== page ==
Energy Futures At Fourth Straight Day Of Losses
Energy futures are looking at a fourth straight day of losses, but RBOB gasoline futures have just moved into the green after trading lower overnight, putting a brief hold on the selling. Most futures and cash market prices are trading near 1 month lows as demand concerns and seasonal influences both appear to be weighing on a market that has been flashing technical warning signs for some time.
A large drop in Chinese refining rates was also given some credit for the selling as it was seen as a sign of weakening demand in the world’s largest energy importer, rather than a sign of lower refined product supply with those plants cutting runs. In addition to the energy concerns, there are larger concerns that the recent spike in COVID rates is further complicating supply chains that have been a mess for months.
For much of the past decade refiners with advantaged crude oil could make healthy profits while those without (like most on the US East Coast) struggled to break even. We’re seeing a similar phenomenon today in the renewable fuel refinery race as the shortage of bio-mass feedstocks is making huge profits for those with flexible inputs while others who must run soybean oil are facing challenges. Relief could be on the way as the world’s largest soybean exporter has reduced domestic biodiesel blending requirements, which will allow more soybeans to reach the global market and be turned into food, tires, or perhaps renewable fuel.
The vicious cycle of drought is forcing water allocations across the South West, and in turn threatening electricity supplies in the region, which ends up being bullish for supplies like natural gas. This phenomenon is not unique to the US, as Brazil is facing shortages of both water and electricity, which is helping boost US fuel exports to supplement their supply.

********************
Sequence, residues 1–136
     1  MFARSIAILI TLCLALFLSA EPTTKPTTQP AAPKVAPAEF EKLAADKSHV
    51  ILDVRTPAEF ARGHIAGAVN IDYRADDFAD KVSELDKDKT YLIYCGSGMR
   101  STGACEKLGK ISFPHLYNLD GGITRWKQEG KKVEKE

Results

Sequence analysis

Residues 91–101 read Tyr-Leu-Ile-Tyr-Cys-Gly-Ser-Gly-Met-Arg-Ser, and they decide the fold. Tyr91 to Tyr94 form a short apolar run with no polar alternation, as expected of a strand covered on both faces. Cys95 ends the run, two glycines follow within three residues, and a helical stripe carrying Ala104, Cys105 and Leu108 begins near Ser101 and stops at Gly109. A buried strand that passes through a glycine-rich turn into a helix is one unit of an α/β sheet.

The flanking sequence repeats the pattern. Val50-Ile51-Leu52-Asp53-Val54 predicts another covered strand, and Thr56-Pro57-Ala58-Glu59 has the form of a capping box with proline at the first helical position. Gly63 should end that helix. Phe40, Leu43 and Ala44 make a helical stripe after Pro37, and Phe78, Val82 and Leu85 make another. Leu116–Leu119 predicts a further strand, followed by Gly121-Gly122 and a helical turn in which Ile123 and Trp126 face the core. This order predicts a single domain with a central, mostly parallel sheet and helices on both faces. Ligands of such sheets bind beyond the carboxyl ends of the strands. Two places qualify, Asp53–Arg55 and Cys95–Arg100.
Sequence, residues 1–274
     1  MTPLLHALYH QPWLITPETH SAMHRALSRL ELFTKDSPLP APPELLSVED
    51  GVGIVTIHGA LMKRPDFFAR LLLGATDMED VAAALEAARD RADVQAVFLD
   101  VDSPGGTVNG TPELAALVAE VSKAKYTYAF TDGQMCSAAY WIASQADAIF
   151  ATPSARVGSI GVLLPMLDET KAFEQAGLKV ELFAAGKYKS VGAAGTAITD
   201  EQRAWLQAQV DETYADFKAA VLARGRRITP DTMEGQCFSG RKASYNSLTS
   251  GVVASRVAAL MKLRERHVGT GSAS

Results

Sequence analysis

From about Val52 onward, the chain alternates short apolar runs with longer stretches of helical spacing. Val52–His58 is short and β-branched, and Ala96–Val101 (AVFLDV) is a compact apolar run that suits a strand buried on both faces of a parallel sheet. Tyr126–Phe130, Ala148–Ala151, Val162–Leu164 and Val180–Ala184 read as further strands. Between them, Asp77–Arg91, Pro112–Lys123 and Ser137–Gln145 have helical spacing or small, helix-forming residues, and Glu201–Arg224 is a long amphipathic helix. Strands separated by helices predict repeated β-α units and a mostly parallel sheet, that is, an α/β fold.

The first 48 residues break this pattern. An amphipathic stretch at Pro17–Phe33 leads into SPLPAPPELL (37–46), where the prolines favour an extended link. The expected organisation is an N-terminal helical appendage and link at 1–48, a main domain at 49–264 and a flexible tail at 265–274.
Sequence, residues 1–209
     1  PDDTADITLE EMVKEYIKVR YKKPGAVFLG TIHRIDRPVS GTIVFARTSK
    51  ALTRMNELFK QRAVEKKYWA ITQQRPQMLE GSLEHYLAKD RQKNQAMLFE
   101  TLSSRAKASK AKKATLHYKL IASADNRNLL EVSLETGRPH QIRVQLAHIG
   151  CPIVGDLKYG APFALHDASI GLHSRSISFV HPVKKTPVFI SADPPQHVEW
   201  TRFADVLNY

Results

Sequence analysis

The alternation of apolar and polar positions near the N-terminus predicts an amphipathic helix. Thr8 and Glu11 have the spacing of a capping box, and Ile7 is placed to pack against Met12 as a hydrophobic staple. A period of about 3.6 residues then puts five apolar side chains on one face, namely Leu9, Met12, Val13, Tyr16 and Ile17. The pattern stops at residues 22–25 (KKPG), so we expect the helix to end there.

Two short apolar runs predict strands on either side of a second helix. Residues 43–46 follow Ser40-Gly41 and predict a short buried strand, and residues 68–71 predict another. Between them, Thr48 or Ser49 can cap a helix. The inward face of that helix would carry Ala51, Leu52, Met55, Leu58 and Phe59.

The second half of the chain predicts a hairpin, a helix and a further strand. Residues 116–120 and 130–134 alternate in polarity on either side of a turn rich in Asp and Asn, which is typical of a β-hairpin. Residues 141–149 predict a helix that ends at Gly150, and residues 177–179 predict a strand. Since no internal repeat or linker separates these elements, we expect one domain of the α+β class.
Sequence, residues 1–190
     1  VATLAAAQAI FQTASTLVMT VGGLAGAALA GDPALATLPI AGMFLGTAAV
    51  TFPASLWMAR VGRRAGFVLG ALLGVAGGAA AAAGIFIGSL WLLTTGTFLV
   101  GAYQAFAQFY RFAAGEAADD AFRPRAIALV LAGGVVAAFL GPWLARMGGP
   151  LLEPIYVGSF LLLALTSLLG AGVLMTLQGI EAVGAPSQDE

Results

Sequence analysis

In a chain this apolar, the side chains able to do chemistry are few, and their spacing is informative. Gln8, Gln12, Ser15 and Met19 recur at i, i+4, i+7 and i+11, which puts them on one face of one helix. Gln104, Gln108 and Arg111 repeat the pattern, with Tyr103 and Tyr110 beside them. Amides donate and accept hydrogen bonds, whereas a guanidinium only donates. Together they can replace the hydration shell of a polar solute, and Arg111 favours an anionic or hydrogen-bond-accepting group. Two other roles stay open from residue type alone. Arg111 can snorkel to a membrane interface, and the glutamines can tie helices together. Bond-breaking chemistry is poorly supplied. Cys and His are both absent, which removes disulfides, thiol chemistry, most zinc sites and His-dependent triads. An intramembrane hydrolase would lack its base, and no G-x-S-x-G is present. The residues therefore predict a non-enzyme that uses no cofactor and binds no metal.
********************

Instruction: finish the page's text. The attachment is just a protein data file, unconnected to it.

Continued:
Those exports are a lifeline to US refiners as they help both relieve a supply overhang as the demand recovery plateaus this summer, and avoids the Renewable Fuel obligation that tacks another 20 cents/gallon of cost to domestic sales. Citgo noted that higher export volumes from its refineries helped push the company to its first profitable quarter since 2019, when it lost access to Venezuelan crude.
There are 3 active storms in the Atlantic basin, but none look to be a supply threat. Fred moved onshore Monday with minimal disruption to the Florida panhandle, and terminal loading racks resuming liftings last night. Grace still appears headed for Mexico, staying well south of the oil production and refining zones along the Gulf Coast, and Henri is doing loops around Bermuda and doesn’t appear to be heading to the US.